First biosimilar approved for macular degeneration, other eye conditions
(HealthDay)—The first biosimilar to Lucentis (ranibizumab injection) has been approved for the treatment of neovascular (wet) age-related macular degeneration and other eye diseases and conditions, the U.S. Food and Drug Administration announced Friday.
The approval of the biosimilar, Byooviz (ranibizumab-nuna), is also indicated to treat macular edema after retinal vein occlusion and myopic choroidal neovascularization. Byooviz is administered monthly through intravitreal injection.
Approval was based on a data review that included "extensive structural and functional characterization, comparative clinical efficacy and safety evaluations, including potential immunogenicity that demonstrated Byooviz is biosimilar to Lucentis," the FDA wrote in a press release.
Potential serious side effects caused by Byooviz administration include endophthalmitis and retinal detachments, increased intraocular pressure, and thromboembolic events. The most commonly reported side effects included conjunctival hemorrhage, eye pain, vitreous floaters, and increased intraocular fluid pressure.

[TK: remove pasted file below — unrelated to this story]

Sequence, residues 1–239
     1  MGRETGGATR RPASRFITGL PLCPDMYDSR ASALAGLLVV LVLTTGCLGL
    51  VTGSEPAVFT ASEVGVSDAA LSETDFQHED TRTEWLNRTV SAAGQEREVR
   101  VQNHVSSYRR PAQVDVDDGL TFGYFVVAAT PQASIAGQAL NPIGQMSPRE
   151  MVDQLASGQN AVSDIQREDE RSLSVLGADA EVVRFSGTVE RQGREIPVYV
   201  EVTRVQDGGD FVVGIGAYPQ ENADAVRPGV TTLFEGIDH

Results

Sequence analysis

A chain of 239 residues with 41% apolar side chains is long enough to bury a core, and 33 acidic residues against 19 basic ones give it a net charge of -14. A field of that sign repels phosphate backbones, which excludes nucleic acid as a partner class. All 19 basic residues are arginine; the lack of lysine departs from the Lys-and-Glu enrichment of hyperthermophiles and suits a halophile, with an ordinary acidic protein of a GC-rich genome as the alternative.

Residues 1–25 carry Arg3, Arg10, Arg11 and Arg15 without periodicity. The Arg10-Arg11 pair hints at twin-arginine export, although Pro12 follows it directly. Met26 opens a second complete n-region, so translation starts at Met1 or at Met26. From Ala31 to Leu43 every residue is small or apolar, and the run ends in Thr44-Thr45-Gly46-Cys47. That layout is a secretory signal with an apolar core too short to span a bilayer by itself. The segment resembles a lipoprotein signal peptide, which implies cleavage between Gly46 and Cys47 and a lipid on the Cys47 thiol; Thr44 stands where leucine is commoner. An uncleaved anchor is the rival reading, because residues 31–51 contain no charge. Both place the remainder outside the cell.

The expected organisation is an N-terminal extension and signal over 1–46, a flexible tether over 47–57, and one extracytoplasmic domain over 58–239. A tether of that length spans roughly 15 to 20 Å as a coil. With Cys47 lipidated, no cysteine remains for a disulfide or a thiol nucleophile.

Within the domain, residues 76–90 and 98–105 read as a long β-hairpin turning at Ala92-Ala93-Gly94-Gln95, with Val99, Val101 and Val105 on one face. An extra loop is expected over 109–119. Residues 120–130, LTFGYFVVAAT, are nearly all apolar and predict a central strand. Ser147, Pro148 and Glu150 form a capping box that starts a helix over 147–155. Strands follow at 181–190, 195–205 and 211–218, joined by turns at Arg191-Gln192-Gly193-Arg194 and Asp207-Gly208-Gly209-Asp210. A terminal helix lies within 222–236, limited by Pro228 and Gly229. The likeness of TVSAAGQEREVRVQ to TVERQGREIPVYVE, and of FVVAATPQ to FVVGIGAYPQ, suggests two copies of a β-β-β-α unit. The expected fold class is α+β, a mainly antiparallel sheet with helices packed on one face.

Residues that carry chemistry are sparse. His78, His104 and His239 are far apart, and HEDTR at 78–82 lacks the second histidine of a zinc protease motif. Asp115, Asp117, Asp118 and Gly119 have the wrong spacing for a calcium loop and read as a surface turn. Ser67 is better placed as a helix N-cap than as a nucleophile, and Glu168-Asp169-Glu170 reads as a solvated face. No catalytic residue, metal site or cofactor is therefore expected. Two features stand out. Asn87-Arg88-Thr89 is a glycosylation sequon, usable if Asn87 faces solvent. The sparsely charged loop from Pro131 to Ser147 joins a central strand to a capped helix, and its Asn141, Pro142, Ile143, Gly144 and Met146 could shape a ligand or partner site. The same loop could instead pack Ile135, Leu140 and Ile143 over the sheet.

The FDA has so far approved 31 biosimilars for the treatment of various health conditions. "Continuing to grow the number of biosimilar approvals is a key part of our efforts to provide greater access to treatment options for patients, increase competition and potentially lower costs," Sarah Yim, M.D., director of the Office of Therapeutic Biologics and Biosimilars in the FDA Center for Drug Evaluation and Research, said in the press release.
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